Why the latest iPhone update should worry the competition

Upon first unveiling the iPhone, Apple CEO Steve Jobs proclaimed that the company was five years ahead of the competition. And while that is debatable — although I think he had a point — the latest iPhone software update, and those than came before it, prove one thing for sure.

However far ahead the iPhone was when it first launched, Apple isn’t resting on its laurels, with the company continually improving the phone’s software at a pace that the competition can’t keep up with. This is in no small part due to Apple’s unique relationship with its partner carriers, which enable both incremental improvements and major new features to be delivered direct to customers without the networks getting in the way.

Nokia, for example, regularly releases firmware upgrades for its line of S60-based handsets, and on the most recent phones these can be delivered ‘over the air’. The problem, however, is the anarchic way in which the carriers create custom firmware versions for the handsets they carry, so that any juicy new software update from Nokia can’t be applied to a carrier-branded and locked version of the phone. My beloved Nokia e71 recently had a firmware update made available by Nokia, but as I understand it, I’ll have to wait until my mobile carrier “3” gets around to issuing their own version, if indeed they ever do. Owners of Apple’s iPhone have the luxury of cutting out the middle person.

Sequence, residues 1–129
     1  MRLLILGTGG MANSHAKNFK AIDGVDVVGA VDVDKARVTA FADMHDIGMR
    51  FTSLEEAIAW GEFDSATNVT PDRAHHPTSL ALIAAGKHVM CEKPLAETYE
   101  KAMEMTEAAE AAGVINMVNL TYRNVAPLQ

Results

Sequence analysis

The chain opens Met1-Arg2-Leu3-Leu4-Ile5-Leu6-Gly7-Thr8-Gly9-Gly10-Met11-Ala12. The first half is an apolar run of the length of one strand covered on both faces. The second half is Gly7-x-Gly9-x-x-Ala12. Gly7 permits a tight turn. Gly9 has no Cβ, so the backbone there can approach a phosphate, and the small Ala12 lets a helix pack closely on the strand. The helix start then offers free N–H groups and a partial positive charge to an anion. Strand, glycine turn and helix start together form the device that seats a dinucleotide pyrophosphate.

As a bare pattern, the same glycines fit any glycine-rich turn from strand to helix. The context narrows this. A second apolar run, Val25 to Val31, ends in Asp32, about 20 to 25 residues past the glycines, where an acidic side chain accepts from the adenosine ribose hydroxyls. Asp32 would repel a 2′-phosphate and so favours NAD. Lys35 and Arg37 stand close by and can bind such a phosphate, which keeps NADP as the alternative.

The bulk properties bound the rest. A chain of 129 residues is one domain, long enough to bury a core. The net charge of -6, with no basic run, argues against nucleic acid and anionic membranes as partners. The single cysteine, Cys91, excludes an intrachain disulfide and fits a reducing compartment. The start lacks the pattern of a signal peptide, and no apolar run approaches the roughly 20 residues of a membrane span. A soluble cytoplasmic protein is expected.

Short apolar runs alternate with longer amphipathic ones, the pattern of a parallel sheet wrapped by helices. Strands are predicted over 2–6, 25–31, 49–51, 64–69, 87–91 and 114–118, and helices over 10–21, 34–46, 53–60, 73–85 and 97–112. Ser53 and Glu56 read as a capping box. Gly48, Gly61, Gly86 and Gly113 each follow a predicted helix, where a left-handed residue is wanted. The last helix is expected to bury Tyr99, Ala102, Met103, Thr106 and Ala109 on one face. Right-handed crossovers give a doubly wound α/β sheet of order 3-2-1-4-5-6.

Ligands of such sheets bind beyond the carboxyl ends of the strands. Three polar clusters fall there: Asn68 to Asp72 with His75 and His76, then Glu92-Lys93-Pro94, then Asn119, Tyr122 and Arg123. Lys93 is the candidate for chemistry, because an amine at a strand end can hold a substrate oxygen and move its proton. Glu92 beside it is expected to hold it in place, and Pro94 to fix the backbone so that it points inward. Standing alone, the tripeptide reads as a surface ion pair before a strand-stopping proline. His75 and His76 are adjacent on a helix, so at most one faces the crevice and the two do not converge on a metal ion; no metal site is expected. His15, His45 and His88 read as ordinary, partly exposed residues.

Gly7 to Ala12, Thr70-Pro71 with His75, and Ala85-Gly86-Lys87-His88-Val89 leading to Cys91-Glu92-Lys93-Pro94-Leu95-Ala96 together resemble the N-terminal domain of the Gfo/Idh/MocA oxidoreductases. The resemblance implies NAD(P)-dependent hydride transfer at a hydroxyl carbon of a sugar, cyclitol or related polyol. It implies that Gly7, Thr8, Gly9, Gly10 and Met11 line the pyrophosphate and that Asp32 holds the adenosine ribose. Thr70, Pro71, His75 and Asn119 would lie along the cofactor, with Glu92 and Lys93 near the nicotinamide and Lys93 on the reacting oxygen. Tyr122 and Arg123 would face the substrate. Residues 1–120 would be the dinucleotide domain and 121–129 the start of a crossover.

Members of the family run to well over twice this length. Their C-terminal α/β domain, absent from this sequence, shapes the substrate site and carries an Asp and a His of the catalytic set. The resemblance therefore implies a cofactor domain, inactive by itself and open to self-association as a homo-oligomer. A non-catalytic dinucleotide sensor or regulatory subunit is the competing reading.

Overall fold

See also: The real surprise of the App Store isn’t number of downloads or revenue

The latest iPhone 2.2 update provides a few bug fixes, along with a number of completely new features including a new version of Google Maps with Street View, and public transit and walking directions, along with enhancements to Mail, and my favorite, a podcast client that can update ‘over the air’ (no more ‘side loading’ just to grab the latest podcast episode). See Macrumors for the full rundown.

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last100 is edited by Steve O'Hear. Aside from founding last100, Steve is co-founder and CEO of Beepl and a freelance journalist who has written for numerous publications, including TechCrunch, The Guardian, ZDNet, ReadWriteWeb and Macworld, and also wrote and directed the Silicon Valley documentary, In Search of the Valley. See his full profile and disclosure of his industry affiliations.

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